The post Doctor Who Novels – Ten, Thirteen, Missy and Magic! appeared first on Blogtor Who.

Categories: Doctor Who Feeds

Hawks & Moons - Cepheus Engine rpg & The Gerry Anderson Factor

Swords & Stitchery - Fri, 05/28/2021 - 22:35
Does Earth's moon hold far more secrets then humanity understood?! Even as it was blasted from Earth's solar system in 1999?! Apollo 16, 1972. Unofficial picture from the Fox William Mulder archives provide by Andrea Bonazzi Two days ago Paul Elliot of Zozer games came out with a really cool little comment in the Cepheus Engine Face book group; " You could combine Orbital 2100 with Hostile, Needleshttp://www.blogger.com/profile/11243274667834930867noreply@blogger.com0
Categories: Tabletop Gaming Blogs

Threat spotlight: Conti, the ransomware used in the HSE healthcare attack

Malwarebytes - Fri, 05/28/2021 - 16:30

On the 14th of May, the Health Service Executive (HSE), Ireland’s publicly funded healthcare system, fell victim to a Conti ransomware attack, forcing the organization to shut down more than 80,000 affected endpoints and plunging them back to the age of pen and paper. This happened a week after DarkSide, another ransomware strain, hit the USA’s Colonial Pipeline systems.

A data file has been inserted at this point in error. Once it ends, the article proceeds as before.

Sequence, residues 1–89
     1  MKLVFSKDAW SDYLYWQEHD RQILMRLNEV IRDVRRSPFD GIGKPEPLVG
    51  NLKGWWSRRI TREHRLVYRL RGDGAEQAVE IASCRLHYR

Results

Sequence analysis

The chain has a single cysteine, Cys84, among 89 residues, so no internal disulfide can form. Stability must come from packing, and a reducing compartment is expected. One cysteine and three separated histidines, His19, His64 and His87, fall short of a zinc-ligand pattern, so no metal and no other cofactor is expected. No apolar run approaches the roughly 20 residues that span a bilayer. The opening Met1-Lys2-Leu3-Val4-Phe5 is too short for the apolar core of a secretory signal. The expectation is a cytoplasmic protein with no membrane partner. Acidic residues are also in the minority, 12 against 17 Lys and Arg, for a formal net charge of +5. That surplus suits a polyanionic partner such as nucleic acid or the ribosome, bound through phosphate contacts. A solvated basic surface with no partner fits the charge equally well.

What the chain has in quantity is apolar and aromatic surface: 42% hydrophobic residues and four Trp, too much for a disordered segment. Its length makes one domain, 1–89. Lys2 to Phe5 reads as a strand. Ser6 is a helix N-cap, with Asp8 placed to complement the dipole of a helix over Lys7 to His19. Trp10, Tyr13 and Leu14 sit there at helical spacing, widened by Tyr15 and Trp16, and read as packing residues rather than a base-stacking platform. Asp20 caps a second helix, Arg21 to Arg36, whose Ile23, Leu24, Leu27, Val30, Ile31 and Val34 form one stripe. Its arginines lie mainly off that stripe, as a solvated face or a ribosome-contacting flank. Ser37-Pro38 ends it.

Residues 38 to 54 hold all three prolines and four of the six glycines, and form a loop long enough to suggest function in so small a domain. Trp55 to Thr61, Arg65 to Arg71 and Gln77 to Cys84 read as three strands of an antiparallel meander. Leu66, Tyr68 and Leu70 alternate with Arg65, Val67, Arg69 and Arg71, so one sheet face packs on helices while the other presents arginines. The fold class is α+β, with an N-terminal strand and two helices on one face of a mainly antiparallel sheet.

More than 290 healthcare and first-responder organizations (of the 400 affacted worldwide) that fell victim to a Conti ransomware attack were based in the US. New Zealand, too, has reported of at least 5 hospitals shutting down their IT network in response to a similar attack.

In this blog, we’ll home in on Conti, the strain identified by some as the successor, cousin or relative of Ryuk ransomware, due to similarities in code use and distribution tactics.

Threat profile: Conti ransomware

Conti ransomware is created and distributed by a group the cybersecurity industry has named Wizard Spider, the same Russian cybercriminal group that created the infamous Ryuk ransomware. It is offered to trusted affiliates as Ransomware-as-a-service (RaaS).

According to Coveware, a company that offers incident response services to organizations impacted by ransomware attacks, Conti is the second most common ransomware family that victim organizations have reported in the first quarter of 2021. (The first is Ransom.Sodinokibi, which Malwarebytes has already profiled and has been detecting since 2019.)

There are several ways Conti ransomware could end up on a corporate network. As with other “big game” ransomware, the delivery method changes according to the preferences of the group operating it, but among the most common attack vectors are remote desktop protocol (RDP), phishing, and weaknesses in either software or hardware.

In the case of phishing campaigns, Wizard Spider and its affiliates have been known to use legitimate Google document URLs in the email body. Recipients are encouraged to click this link, which actually contains code that allows for the download and execution of either Bazar, a backdoor, or IcedID (aka BokBot), a Trojan.